- Seek out activities that require skill. This builds on the above point. You want to find tasks that are challenging to you but not so difficult you experience anxiety. When starting out, try looking for activities you love doing and that use your natural talents. As you get better at losing yourself in a task, you can try finding flow in more mundane activities.
- Set clear goals that provide immediate feedback. I talked about goal setting above. There’s one more reason why goals matter. They provide feedback so that you are aware of your progress. For example, my goal for this article is to write at least 1000 words. I draft my posts in Microsoft Word and the word count in the status bar is telling me I’m at 900 words. I’m almost there!
- Lose yourself in the task. This is the essence of flow but can be hard to achieve. However, if you select activities that require skill (see step one) then you’re already creating the best conditions for flow. It also helps to eliminate distractions before you start working. And practice, practice, practice.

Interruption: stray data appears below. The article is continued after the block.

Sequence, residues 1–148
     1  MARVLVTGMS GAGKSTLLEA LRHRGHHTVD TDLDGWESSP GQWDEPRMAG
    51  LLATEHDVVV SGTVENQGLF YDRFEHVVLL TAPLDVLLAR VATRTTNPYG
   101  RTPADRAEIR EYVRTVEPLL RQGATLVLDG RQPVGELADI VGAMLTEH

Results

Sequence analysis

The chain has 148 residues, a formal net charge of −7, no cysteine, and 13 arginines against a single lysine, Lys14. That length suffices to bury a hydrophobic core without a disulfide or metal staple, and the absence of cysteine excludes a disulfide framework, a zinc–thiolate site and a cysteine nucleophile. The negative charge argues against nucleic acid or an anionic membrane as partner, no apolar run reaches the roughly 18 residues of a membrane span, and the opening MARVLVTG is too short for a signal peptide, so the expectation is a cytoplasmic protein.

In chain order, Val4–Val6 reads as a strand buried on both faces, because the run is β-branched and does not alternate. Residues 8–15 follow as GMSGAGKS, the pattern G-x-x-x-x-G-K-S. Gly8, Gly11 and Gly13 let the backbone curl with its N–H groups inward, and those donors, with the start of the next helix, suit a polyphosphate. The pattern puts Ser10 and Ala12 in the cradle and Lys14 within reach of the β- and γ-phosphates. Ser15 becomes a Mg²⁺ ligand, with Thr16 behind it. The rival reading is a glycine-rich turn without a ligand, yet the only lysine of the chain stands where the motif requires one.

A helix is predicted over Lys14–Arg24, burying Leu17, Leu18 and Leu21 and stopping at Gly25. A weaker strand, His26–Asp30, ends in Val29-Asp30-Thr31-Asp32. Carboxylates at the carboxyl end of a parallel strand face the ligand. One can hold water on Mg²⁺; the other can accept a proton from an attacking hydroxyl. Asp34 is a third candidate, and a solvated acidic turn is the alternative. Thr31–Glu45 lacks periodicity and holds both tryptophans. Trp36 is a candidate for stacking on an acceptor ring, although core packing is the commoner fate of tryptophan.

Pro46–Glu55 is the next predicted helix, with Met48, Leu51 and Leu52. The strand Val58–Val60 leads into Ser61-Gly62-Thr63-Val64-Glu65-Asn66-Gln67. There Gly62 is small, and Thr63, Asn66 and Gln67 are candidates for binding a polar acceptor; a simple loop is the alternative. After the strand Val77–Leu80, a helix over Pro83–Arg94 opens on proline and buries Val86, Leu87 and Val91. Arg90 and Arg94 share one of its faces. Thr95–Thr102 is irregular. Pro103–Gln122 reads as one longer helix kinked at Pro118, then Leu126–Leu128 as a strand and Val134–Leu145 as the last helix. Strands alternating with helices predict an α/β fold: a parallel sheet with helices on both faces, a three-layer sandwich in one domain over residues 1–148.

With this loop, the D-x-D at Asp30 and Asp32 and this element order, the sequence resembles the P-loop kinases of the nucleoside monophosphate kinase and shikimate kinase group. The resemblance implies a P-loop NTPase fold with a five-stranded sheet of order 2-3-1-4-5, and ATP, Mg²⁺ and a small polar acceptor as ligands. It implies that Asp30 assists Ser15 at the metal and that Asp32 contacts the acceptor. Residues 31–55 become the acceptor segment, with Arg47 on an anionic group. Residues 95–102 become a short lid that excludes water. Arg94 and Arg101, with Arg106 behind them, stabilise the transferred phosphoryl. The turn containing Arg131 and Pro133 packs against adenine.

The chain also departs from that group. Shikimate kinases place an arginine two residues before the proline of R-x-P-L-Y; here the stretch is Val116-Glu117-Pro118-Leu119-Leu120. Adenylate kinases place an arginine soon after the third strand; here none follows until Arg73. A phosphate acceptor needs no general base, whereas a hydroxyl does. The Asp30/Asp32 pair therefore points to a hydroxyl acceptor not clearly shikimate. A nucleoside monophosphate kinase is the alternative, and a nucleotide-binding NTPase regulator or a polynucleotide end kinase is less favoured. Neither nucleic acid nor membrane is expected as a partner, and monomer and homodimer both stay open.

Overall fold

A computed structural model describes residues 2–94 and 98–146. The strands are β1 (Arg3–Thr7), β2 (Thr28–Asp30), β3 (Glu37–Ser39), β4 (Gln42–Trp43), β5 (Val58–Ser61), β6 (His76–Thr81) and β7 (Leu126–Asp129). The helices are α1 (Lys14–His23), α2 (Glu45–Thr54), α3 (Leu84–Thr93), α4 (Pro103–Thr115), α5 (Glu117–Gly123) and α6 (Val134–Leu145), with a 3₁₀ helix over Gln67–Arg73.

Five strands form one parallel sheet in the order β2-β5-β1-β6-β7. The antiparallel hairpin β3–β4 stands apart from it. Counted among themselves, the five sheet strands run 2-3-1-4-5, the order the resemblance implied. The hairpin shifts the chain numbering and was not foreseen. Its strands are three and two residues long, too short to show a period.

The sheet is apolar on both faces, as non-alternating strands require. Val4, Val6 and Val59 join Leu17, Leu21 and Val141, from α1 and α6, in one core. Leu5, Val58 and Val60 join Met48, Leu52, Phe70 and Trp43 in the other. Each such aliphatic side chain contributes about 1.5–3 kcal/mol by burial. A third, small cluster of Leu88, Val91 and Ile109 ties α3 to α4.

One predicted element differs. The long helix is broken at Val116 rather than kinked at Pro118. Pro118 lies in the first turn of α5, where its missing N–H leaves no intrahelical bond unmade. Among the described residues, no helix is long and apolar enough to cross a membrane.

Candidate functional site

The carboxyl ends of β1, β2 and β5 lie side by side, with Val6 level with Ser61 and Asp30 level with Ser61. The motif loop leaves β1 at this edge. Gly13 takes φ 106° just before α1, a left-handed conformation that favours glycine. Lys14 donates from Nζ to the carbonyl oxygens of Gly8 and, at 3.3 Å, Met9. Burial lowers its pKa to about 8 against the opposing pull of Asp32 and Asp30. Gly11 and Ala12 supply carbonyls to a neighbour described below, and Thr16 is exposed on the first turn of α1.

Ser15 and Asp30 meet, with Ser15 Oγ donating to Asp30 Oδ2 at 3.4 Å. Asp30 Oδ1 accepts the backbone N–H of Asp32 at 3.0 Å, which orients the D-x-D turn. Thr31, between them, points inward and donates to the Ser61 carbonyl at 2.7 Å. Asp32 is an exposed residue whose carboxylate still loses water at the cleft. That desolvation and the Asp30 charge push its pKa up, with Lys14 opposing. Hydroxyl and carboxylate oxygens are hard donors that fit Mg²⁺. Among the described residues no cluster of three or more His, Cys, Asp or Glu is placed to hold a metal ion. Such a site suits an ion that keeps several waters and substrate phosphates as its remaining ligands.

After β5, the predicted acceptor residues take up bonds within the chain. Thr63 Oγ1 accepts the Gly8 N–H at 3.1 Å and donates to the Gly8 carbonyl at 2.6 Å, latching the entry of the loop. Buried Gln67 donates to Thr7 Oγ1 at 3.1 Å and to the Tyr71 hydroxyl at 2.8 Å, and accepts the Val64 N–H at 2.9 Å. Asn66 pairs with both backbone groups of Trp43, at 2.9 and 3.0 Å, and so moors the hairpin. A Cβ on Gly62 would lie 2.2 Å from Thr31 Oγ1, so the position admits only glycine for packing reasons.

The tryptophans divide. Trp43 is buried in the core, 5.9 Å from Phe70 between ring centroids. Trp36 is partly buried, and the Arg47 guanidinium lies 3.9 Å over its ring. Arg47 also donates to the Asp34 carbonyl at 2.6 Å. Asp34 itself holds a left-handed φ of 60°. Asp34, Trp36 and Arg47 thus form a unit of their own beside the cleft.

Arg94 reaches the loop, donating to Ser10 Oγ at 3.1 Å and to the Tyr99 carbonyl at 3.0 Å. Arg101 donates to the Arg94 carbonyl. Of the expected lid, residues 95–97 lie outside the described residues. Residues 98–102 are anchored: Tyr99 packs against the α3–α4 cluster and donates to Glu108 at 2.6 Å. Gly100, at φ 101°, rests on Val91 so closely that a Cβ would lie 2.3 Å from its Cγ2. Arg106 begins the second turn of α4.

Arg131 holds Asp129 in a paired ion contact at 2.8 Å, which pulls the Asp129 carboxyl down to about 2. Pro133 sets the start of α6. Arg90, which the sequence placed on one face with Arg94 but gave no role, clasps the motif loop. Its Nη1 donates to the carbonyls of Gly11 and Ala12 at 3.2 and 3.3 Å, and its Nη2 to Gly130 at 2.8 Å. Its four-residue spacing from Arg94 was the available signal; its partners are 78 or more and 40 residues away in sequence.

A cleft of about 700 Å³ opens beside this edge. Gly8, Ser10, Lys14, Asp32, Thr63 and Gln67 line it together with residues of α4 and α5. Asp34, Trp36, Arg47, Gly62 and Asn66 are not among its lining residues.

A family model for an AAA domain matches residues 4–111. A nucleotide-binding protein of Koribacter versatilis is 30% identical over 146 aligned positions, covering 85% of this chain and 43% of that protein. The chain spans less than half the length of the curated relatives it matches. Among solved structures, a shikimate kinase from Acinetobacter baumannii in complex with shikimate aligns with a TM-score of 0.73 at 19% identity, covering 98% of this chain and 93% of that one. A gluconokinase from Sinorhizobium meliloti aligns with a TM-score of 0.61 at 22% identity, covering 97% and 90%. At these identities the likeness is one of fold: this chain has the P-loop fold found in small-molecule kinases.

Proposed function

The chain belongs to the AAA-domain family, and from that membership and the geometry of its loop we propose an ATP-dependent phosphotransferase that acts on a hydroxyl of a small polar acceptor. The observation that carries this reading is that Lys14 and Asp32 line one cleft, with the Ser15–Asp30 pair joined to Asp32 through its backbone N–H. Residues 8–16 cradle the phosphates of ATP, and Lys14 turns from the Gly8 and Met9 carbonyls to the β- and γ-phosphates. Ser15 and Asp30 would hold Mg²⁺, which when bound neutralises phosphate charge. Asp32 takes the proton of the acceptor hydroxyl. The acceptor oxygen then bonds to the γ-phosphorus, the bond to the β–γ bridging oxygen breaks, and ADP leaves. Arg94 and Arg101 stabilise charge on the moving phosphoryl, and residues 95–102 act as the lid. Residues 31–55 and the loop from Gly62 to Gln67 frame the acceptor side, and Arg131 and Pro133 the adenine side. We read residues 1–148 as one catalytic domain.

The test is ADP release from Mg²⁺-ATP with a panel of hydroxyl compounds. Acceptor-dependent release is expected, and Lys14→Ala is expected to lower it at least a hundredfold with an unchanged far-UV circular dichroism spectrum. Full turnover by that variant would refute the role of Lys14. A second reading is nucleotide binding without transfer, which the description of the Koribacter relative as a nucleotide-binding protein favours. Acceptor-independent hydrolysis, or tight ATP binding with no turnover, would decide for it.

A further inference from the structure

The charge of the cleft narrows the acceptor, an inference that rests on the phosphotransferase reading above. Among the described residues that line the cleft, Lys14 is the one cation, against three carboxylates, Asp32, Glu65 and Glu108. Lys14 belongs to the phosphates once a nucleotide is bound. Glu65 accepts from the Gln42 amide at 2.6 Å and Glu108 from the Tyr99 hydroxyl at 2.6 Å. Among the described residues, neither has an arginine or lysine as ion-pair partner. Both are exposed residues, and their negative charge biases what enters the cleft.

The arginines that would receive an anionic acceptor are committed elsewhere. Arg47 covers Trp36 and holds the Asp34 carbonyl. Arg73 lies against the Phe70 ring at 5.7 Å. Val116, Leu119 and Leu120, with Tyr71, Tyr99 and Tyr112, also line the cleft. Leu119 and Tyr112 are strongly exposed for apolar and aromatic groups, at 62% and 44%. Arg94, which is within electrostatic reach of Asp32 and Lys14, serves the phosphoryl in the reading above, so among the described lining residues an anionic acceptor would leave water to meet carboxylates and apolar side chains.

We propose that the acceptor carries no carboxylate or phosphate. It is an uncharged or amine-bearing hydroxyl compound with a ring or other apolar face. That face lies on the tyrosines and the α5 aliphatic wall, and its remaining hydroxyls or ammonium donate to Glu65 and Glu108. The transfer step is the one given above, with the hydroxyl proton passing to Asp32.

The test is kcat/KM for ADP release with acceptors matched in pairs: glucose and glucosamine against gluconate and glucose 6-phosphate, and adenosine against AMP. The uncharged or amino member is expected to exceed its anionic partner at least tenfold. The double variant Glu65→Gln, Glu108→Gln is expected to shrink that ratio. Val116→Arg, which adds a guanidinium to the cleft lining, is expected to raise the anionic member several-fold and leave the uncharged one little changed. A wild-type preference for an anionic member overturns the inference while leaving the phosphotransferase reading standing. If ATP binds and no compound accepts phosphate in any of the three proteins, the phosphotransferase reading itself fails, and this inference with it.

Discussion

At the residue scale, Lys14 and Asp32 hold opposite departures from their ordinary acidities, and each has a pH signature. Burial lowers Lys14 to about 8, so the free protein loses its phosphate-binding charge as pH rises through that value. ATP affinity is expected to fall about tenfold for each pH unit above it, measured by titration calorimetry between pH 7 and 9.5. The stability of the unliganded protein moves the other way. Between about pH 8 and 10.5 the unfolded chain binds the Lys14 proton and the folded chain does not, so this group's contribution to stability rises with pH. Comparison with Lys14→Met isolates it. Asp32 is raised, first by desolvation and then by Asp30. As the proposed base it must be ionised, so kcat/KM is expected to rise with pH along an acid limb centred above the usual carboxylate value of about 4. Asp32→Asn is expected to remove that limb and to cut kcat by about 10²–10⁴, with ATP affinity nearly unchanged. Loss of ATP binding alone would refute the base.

Concentrating for any length of time is a skill like any other. It takes practice, but the effort will lead to greater success.
“To be able to concentrate for a considerable time is essential to difficult achievement.” – Bertrand Russell
I’ll leave you with one final thought – be gentle with yourself. If you struggle to find the right tasks or are frustrated by wanting more, then be patient. These feelings are normal.
Next time you feel these things, recognize them for what they are. A natural part of the human condition. We are all in this together. You absolutely can be happy at work and enjoy greater success in your life.
Now, go do it!
Part of finding flow is recognizing the activities that light you up. What can you do for hours even if you don’t get paid for it? If you’d like more help doing work you love, check out my Passion Challenge workbook below. It will show you the 5 steps to unleash your potential and earn your first $1000 doing what you love.